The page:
These excessive fines constitute Cruel and Unusual Punishment, and violate the 8th Amendment of the U.S. Constitution, Article 2 of the Montana Constitution. [08:39:03]

Advocacy by, and for, Veterans

Charles Walkingchild - on his own behalf, self-identified as Ojibwe, Cree, & Blackfeet

I’ll tell you something about my history: My generation, on the Ojibwe side, we have the original flag of the United States of America. We fought in the Revolution against England, to free this country. To free the people, back then.

We were brought into the Greenville Treaty, and attacked. As rights, we should have been entitled to be a part of this country, this government that was formed. But instead, we were pursued. And the order was, ‘kill the full blood, spare the half-breed.’

We’re still here. But we’re not here for money. We’re not here for greed. We need jobs. It’s time we put these corporations down. That pipeline ain’t going to benefit you or your kids, whether you’re Democrat or Republican.

These penalties are gonna just be a way of protecting their own security and interests. [8:44:14]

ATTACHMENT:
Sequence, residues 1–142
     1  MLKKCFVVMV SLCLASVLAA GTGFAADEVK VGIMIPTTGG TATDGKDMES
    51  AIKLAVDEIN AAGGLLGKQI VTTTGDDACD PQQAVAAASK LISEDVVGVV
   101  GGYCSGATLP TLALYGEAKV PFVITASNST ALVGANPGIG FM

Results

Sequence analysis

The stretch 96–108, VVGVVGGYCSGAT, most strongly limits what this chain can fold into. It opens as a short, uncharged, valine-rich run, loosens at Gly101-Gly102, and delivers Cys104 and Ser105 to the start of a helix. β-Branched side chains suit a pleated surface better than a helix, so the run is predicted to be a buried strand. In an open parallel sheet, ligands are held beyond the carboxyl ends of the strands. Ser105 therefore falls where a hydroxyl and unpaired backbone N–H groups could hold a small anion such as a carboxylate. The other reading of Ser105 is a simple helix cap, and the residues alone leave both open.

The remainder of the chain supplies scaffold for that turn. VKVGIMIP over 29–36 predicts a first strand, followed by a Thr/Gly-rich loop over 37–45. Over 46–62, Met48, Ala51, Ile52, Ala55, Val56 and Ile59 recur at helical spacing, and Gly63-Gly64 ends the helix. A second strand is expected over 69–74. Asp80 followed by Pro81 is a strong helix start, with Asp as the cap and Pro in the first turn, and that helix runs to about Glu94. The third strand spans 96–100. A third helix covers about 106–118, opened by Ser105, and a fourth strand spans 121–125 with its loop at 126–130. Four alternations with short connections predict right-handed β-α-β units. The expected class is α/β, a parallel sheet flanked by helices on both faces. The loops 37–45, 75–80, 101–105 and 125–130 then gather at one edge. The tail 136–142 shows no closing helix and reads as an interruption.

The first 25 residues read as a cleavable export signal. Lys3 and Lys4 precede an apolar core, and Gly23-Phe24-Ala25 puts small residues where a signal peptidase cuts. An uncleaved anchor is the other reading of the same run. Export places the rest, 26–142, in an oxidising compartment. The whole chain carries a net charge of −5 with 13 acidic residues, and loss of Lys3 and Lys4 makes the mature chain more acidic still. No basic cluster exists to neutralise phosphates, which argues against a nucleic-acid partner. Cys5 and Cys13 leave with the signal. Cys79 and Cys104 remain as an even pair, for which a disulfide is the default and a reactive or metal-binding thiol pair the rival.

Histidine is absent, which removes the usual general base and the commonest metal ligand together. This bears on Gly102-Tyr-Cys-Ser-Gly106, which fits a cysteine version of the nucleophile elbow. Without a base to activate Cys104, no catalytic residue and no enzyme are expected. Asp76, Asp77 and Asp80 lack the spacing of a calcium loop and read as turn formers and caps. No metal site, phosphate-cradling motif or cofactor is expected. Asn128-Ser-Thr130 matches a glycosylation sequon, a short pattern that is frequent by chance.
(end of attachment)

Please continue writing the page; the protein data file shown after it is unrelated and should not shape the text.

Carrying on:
Walkingchild suggested that if oil needs moving, it would be best put people to work by trucking the oil, urging the legislator to consider it as a way to employ veterans.

Jestin Dupree, Fort Peck Tribes Councilman

I served my country in the Army as an infantryman, and it took me [on] five tours overseas.

I now serve our tribe with the same passion, and I can’t seem to wrap my head around the bills like this, like the one we’re seeing today. We should be moving forward, not backwards. [08:40:27]

Cable TV is Critical AF

Adrian Jawort, Montana Native Vote

This bill does single out specific types of protest, that we all know might as well just say ‘pipelines’ instead of however many objects it listed, because it’s not like anyone is going to protest cable TV infrastructure. [08:38:21]

In context, this was funny.

The bill defines all sorts of industrial properties as “critical infrastructure,” even though the trend plainly originated as backlash to indigenous-led movements to protect land, water, and people from threats posed by pipelines, specifically the Dakota Access Pipeline (DAPL).

Here’s an image showing the two pages from the bill, listing various infrastructure deemed critical, and the bit on cable TV.

Because if we can’t watch cable TV, the terrorists win.

Not mentioned: Hospitals.

(See Oklahoma, 2017, Wisconsin, 2019, and South Dakota, 2019-2020, for more examples of Native-led advocacy against state laws retaliating against pipeline protests.)